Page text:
Ducks, Newburyport

by Lucy Ellmann

I wish people would be a bit more careful with literary comparisons. I understand the desire to relate new stories to others that readers are more than likely familiar with in order to quickly pitch the book, but superficial comparisons that set readers up for the wrong impressions seem to be increasingly common. (The example I keep coming across is a dystopian story drawing a comparison to Margaret Atwood or Cormac McCarthy simply because both have written famous dystopian books. But just being the same genre shouldn’t bring about a suggestion that a book’s written “in the style of” either of those authors, as was the case in Liz Harmer’s The Amateurs––a novel that had little in common with the voice or the style of prose or the narrative structure of anything I’ve read by either Atwood or McCarthy.) And I’d suggest that it’s worse––at least significantly more outrageous appearing from this reader’s perspective––when the comparison involves a landmark classic that completely changed the face of literature. For, in the case of Ducks, Newburyport, the comparison was to James Joyce’s Ulysses, which I should think would require a pretty good reason for being done repeatedly as it was, though I can only really see superficial parallels between the two after finishing Ellman’s imposing tome. (One blurb specifically compares the wordplay, which is sad to consider, especially since anything resembling wordplay within this story is much closer to the word association you can expect to see in something like Sean Penn’s Bob Honey Who Just Do Stuff. To be fair, Ellman’s writing is much better than Penn’s, so the style works much better here, but I think it’s a stretch to call this anything resembling Joycean wordplay.)

But, much as this is a problem that can majorly harm a reader’s perception of a novel, blurbs attached to the book aren’t the fault of the author and they don’t reflect on the actual writing, so we should probably talk about the book itself. In Ducks, Newburyport, we join an unnamed narrator, a stay-at-home mother of four who also sells her baking on the side, as she works through the mundane tasks of the day while taking us on long, stream-of-conscious tirades of her various anxieties about the contemporary world in run-on sentences that last scores of pages at a time. The main narrative is interrupted periodically by a secondary story about a mountain lioness preparing her cubs to survive in the world.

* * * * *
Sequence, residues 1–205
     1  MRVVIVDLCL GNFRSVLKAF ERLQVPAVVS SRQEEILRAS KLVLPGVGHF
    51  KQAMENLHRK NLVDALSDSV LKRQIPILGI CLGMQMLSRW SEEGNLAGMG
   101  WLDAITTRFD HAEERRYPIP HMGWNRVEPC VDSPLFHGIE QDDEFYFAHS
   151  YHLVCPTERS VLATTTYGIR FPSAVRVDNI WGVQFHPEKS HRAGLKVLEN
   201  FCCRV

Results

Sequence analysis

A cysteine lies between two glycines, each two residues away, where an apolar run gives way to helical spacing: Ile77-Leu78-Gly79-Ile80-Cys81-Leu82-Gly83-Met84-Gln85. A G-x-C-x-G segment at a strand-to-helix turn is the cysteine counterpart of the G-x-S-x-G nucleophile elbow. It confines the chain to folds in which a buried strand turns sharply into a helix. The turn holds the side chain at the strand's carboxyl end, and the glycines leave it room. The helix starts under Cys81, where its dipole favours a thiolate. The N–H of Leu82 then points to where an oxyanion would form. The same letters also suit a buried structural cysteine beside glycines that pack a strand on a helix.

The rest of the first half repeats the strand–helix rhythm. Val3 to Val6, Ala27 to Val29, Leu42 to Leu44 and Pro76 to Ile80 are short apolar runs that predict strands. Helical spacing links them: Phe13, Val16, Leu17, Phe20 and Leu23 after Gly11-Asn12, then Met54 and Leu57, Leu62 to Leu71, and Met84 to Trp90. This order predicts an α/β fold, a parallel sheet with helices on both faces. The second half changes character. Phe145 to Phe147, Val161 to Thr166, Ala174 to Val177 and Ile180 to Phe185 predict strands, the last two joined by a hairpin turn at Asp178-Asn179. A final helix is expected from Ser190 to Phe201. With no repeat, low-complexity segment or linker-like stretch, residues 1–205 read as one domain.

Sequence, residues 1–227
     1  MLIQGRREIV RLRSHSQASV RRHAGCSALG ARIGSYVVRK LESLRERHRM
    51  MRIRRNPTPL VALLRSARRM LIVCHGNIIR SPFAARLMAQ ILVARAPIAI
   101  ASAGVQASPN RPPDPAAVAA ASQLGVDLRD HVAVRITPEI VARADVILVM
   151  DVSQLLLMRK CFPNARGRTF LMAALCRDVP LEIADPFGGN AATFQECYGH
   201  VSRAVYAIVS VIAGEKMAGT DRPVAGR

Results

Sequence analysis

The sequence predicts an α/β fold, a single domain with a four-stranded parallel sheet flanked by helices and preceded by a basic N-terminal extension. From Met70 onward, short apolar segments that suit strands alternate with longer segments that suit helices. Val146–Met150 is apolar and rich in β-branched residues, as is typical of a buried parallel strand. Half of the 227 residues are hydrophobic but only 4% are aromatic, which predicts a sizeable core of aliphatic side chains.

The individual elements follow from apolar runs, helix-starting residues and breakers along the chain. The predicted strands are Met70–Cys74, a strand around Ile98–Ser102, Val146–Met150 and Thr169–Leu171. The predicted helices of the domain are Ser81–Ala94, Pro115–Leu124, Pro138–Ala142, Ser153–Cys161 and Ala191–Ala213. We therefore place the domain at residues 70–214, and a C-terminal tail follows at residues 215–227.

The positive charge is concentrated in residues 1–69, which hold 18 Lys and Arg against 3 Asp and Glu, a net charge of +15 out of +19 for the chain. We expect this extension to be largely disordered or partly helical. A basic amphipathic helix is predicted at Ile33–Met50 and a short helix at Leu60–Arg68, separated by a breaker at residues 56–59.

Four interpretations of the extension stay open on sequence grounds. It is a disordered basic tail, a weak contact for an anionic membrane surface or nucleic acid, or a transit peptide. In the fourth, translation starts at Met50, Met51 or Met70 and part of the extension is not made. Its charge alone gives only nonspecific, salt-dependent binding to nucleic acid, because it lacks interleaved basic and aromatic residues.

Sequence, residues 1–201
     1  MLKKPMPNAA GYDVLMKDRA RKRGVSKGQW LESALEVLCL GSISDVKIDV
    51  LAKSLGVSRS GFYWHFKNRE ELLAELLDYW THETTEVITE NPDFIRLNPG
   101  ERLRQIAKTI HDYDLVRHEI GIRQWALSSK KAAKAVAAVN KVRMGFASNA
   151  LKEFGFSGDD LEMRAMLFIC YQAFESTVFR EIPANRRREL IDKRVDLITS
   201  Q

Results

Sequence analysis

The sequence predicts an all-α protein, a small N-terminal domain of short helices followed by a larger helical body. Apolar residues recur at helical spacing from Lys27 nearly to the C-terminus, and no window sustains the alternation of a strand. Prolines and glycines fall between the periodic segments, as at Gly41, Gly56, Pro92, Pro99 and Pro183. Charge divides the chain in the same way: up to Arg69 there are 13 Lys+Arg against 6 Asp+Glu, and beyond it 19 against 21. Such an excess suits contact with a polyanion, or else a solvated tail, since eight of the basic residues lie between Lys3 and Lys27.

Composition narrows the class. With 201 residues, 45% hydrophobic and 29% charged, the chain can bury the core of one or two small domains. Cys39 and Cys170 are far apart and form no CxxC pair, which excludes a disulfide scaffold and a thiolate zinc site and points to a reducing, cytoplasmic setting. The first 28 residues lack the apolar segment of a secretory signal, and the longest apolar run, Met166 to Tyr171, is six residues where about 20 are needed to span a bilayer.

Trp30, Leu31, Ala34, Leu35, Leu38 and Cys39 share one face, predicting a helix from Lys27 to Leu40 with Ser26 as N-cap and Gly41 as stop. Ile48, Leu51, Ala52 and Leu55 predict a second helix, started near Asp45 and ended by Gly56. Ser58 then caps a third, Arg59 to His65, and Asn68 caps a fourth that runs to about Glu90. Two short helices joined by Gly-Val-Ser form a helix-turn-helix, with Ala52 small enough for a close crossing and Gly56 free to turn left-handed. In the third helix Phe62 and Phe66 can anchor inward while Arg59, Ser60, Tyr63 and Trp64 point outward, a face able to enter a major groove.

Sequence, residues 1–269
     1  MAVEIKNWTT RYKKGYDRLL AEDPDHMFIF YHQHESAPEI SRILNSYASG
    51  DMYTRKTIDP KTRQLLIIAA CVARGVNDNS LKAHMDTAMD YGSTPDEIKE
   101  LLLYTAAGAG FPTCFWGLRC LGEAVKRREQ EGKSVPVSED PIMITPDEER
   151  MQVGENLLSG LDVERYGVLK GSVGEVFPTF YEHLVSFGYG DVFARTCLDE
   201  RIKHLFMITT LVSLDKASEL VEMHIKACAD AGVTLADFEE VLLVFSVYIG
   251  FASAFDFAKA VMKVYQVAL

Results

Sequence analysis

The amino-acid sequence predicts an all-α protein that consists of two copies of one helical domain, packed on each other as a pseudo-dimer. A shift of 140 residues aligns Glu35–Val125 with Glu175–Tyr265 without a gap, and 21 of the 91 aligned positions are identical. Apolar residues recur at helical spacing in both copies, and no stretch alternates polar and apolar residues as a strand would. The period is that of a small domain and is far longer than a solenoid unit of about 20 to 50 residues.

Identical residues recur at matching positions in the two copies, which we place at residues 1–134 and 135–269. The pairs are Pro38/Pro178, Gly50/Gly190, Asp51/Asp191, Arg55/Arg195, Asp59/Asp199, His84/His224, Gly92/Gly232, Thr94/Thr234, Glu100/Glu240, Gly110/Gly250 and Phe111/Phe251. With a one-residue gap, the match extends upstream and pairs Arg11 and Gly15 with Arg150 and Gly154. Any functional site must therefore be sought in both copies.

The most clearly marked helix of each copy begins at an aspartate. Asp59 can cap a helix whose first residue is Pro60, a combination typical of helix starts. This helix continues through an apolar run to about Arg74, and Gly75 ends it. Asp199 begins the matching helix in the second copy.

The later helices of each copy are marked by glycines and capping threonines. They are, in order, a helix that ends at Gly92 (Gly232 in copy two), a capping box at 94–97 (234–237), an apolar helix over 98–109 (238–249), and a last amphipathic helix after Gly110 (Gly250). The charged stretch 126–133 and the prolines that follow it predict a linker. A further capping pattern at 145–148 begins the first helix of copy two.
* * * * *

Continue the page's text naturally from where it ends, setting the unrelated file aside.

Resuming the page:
Though I found it initially difficult to fit my reading to the style without breaking the flow of the narrative, I discovered plenty to appreciate with the writing once I was able to make an adjustment. An effective amount of specific details make the narrator come alive, while Ellman showcases a sarcastic wit that makes early reading a pleasure. The author also pleasantly surprised me with her incredible confidence on display with the writing, tied to a great respect given to her readers. This takes the form of important details presented without ceremony and brief references to things previously discussed that pop up unobtrusively throughout the book. With the former, heavy concepts, such as the baggage that continually follows the narrator after the death of her mother, will get interrupted by worries about the mundane here and now almost as quickly as they’re introduced. (It strongly evokes the effective, humanizing moments in Art Spiegelman’s Maus, and it similarly humanizes and underlines the significance of the discussion with Ellman’s use of the strategy.) With regard to the latter, savvy readers are invited to consider parallels to previous concepts, but the guidance is so minimal, the touch is so gentle, that these references are likely easy to pass by; this effectively maintains flow while rewarding observant readers with additional layers of consideration, which likely contributes to a richness that could reasonably grow with subsequent readings.

As the story progresses, however, the discussion grows more and more repetitive and huge chunks of the book become tiresome to get through. I enjoyed what we built to by the end, and I appreciated the ways the intertwining narratives came together, but I was struck with a notion that Ducks, Newburyport greatly overstayed its welcome, that it could have been improved by editing it down to maybe one-third of its length. I respect the fact that this could arguably have the potential to kill a lot of what I loved, but I also acknowledge that the things I liked weren’t enough to offset the difficult wade through the book’s centre. Ducks, Newburyport is a convincing portrayal of someone overwhelmed by life, but it really needed some serious pruning before I could view it as anything phenomenal.